Thursday, September 18, 2008

Tales from the Legal World

The libel lawsuit against John Grisham and his book The Innocent Man was dismissed yesterday. In his book Grisham described the wrongful convictions of two men for the murder and their exoneration using DNA evidence twelve years later.

The plaintiffs were Melvin Hett, a state criminologist, Pontotoc County District Attorney Bill Peterson and Gary Rogers, a former agent for the Oklahoma State Bureau of Investigation. They originally filed suit in September 2007 against Grisham and others, claiming libel, generating publicity for self interest by placing them in a false light, and intentionally inflicting emotional distress.

In dismissing the case, the judge wrote that to avoid the same mistakes in the future it is important that the legal system and "the wrongful convictions...be discussed openly and with great vigor."

6 comments:

D. said...

Hurts me to laud a moonbat like Grisham, but right is right and wrong is wrong.

The truth won. Glory be and saints be praised.

m clement hall said...

Perhaps Grisham can afford the cost of a legal defense, but most writers could not.
Suggests the ordinary writer needs to think twice about non-fiction books.

Adaora A. said...

I'm hopelessly bias (and if you're interested, completely and solely in my beloved John Grisham's corner). To be frank, the truth came out. See how bias I am? But I would love to know your view on this issue (having the legal background/experience yourself).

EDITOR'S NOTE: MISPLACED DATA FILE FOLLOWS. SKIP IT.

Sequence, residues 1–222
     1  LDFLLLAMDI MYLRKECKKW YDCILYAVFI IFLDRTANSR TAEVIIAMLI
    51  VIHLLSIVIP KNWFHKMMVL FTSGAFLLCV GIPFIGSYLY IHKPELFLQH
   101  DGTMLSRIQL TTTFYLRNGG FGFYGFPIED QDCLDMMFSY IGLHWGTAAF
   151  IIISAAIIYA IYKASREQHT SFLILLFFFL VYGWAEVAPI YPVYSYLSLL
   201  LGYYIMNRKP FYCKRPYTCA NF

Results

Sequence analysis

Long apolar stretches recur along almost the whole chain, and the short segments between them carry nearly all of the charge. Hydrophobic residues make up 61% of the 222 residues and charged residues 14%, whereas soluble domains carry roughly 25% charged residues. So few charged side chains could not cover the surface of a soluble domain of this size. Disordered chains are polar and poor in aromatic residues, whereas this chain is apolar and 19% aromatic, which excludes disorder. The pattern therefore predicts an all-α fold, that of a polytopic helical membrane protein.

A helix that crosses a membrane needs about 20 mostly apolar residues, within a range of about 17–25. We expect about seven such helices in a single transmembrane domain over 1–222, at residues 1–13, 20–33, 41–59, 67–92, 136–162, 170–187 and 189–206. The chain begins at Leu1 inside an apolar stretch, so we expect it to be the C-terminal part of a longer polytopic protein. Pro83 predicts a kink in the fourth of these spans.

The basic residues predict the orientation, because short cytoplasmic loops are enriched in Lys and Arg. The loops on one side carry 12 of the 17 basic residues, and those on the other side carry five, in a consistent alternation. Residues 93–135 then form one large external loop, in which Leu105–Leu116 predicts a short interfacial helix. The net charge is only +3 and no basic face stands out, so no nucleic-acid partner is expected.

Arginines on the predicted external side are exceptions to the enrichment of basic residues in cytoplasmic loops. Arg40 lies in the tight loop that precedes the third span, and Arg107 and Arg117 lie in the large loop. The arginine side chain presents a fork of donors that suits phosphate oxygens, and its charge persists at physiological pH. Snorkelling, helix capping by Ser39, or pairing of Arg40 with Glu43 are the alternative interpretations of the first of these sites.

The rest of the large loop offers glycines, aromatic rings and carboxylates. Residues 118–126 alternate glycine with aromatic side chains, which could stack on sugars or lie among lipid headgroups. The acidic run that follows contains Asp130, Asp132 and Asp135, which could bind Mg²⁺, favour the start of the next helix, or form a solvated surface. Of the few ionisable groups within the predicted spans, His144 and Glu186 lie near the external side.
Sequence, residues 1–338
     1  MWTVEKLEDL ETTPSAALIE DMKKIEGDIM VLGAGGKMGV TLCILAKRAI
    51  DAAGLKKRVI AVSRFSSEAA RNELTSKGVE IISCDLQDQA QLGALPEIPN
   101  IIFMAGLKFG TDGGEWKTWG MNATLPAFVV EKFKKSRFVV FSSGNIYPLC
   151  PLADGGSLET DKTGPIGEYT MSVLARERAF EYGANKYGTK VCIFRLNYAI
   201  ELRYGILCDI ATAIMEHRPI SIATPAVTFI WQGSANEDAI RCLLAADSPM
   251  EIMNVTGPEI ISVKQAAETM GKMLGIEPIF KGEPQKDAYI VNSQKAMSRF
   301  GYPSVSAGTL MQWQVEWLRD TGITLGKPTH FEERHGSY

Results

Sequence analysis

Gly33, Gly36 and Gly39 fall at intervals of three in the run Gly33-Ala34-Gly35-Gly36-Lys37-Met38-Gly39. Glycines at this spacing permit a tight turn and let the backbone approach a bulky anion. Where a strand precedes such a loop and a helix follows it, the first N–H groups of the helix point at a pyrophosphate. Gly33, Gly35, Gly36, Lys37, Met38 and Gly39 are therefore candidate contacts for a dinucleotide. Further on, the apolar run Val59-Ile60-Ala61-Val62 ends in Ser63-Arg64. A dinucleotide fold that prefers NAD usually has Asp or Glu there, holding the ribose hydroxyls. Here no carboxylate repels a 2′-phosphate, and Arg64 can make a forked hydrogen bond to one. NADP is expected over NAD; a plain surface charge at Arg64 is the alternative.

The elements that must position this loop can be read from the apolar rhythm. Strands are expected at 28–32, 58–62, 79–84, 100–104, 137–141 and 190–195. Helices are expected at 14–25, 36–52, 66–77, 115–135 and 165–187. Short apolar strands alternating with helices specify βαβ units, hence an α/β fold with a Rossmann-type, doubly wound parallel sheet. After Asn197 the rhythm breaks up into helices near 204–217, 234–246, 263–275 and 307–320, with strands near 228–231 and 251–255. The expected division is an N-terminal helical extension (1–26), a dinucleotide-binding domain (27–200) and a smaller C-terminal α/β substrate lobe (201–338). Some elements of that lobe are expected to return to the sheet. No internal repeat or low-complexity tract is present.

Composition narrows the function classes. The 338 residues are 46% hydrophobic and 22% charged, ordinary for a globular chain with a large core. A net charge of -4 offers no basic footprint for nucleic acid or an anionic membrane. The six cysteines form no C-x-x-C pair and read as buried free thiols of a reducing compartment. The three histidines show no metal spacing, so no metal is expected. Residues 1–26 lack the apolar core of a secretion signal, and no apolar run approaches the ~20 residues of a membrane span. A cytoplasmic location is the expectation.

Jonathan Lyons said...

I don't enough about the case to comment, but I'm predisposed to supporting Grisham.

As for the previous comment regarding legal defense, I don't think this rather unusual case should or would discourage writers. Your defense should be paid for by the publisher, assuming you're in the right and you had either an agent or attorney vet your contract.

Chumplet said...

I don't know about the case in question, but in general the new technology available to clear innocent people can only be a good thing.

The case of nine-year-old Christine Jessop comes to mind. I often pass the general store where she was headed when she disappeared in 1984.

Jessop's murder led to one of Canada's most famous wrongful conviction cases. Guy Paul Morin was initially convicted of the crime, and then exonerated by DNA evidence in 1995.

Adaora A. said...

So you're like me then. The problem I have with these cases Mr. Lyons, is how these little critters seem to crawl out of their holes (of obscurity) and file papers to make some money. This never happens when a work is not so famous. Why? Because they don't care to take the time to make sure their work is properly in their favour until there is significant money to be made from the case. And of course, they sue for a chunk of how much someone is financially worth, not how much the suite is worth. Bloody hell.